There’s a long problem statement that you can read to get the real-world situation that the problem is based on. But to solve the problem, you only need to know what I described above: you’re counting permutations and combinations of three throw scores that sum to a given total score.

One note about the sample data: the PDF version of the problem statement has the wrong number of asterisks in the sample output. There should be exactly 70, and it has 71. Keep this in mind if you’re using the PDF sample data to diff with your output.

Possible Throw Scores

A throw score is the score you get when you throw one dart. There are 62 possible throw scores:

  • A score of 0 if the dart misses the board
  • Integers from 1 to 20 (based on the board region that the dart hits)
  • Double or triple these integers (also based on board regions)
  • A score of 50 if the dart hits the exact center of the board

Adding those possible scores: $1 + 3 \times 20 + 1 = 62$

The first step in counting combinations and permutations is enumerating these possible throw scores, which we can do like this:

declare an int array of size 62
for each integer from 1 to 20
    store i in position i
    store i*2 in position i*2
    store i*3 in position i*3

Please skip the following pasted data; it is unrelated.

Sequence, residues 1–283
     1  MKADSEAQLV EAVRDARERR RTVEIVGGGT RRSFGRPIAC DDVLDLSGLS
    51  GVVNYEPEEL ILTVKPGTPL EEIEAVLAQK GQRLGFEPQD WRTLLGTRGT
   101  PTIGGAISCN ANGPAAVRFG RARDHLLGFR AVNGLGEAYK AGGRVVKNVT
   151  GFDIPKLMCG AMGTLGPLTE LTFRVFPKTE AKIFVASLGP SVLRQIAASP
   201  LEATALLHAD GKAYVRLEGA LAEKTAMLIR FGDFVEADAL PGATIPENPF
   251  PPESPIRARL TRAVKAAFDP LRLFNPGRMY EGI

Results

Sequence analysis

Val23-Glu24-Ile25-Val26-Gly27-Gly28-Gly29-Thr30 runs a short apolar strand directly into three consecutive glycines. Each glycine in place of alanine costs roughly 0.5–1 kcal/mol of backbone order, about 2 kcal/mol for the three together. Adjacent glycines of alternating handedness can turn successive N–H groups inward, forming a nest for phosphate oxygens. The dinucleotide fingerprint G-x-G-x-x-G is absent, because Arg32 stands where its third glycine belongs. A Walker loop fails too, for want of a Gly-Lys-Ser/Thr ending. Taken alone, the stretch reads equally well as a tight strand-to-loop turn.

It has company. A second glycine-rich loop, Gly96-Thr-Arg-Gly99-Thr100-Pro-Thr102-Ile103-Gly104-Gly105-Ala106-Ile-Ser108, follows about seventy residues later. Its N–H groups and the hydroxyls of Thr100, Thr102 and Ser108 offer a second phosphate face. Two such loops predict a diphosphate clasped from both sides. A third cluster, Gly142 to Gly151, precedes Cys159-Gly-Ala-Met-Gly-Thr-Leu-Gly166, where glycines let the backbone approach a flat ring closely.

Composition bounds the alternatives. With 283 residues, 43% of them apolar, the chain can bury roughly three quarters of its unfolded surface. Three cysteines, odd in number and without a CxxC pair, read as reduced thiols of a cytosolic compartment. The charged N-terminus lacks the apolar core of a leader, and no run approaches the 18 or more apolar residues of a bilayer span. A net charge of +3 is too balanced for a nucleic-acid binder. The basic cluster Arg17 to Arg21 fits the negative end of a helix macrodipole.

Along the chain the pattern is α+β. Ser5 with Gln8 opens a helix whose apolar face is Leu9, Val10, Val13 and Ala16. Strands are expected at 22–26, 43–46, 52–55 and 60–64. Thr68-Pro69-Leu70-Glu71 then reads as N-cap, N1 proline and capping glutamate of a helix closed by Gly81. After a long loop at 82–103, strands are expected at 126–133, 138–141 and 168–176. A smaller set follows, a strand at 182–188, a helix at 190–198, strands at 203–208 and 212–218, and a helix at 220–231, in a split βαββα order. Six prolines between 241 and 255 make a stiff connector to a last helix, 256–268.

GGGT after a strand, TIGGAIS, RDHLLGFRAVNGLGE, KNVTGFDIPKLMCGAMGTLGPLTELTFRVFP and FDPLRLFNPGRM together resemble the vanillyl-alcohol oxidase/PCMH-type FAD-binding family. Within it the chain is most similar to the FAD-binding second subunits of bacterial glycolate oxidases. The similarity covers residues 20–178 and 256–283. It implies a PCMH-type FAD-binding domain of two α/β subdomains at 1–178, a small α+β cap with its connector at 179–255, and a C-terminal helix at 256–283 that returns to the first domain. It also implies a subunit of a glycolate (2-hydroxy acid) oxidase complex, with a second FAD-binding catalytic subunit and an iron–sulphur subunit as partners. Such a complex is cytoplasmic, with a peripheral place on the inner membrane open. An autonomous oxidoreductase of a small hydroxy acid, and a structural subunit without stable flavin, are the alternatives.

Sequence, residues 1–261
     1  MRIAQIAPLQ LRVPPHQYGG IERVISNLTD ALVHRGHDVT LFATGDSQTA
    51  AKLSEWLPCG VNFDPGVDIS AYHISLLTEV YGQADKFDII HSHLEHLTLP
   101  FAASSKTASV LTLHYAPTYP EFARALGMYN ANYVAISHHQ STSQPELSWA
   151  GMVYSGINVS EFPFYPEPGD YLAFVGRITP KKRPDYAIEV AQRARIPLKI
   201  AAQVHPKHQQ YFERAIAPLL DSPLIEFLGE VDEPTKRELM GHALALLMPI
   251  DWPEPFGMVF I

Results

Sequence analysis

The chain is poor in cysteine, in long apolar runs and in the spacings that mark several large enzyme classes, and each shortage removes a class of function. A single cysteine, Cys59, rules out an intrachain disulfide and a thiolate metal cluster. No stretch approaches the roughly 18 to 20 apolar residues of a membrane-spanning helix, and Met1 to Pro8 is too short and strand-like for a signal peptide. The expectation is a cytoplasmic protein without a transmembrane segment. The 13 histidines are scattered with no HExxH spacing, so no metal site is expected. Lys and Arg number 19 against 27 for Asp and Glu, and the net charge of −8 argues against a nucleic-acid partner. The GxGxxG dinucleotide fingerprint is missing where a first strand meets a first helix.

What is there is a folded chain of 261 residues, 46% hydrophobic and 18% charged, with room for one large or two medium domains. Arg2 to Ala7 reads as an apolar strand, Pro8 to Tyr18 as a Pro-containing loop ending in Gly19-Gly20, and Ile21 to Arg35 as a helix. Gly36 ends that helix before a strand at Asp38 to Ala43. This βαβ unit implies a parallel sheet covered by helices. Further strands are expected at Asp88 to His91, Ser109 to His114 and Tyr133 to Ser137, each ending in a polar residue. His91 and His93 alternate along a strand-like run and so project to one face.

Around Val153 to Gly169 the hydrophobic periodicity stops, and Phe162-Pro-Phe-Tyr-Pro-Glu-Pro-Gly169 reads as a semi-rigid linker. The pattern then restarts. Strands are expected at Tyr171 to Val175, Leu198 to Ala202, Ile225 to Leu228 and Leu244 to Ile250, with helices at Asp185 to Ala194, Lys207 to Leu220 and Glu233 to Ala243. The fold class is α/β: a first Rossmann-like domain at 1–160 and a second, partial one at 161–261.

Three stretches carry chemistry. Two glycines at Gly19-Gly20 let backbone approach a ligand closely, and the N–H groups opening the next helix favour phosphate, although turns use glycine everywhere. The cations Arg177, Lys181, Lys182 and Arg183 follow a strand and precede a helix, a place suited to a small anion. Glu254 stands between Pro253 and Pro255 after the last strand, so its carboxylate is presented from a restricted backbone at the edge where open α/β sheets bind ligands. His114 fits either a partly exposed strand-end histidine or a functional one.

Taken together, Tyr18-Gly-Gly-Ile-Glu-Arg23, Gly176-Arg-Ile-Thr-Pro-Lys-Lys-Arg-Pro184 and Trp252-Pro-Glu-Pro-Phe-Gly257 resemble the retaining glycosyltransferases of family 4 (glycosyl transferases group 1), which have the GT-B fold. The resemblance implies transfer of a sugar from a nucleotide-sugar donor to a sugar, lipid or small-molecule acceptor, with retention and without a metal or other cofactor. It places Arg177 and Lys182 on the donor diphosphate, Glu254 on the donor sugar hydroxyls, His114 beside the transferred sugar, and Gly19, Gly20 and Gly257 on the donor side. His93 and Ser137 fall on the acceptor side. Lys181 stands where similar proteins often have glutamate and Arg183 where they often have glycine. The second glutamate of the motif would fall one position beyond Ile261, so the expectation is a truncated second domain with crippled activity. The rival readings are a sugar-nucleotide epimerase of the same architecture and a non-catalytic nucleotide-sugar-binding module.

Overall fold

store 50 in position 61

Java and many other languages automatically initialize int array elements to 0. You may or may not have to explicitly initialize position 0.

Possible Total Scores

A total score is the sum of three throw scores. Each test case represents one of these scores.

Since there is a small number of possible throw scores, and a small number of throws, we can enumerate all possible total scores before we even look at any test cases. The high-level idea is:

for each arrangement of three throw scores
    calculate the total score
    map the total score to the three throws (in order)
    map the total score to the three throws (unordered)

To handle the mapping in my Java implementation, I used both HashMap and HashSet. I have written before about the difference between TreeMap and TreeSet. HashMap and HashSet are based on the same interfaces (Map and Set, respectively), but they perform slightly faster in exchange for not keeping their keys sorted. Since we don’t have to extract keys in sorted order for this problem, we might as well use hash tables.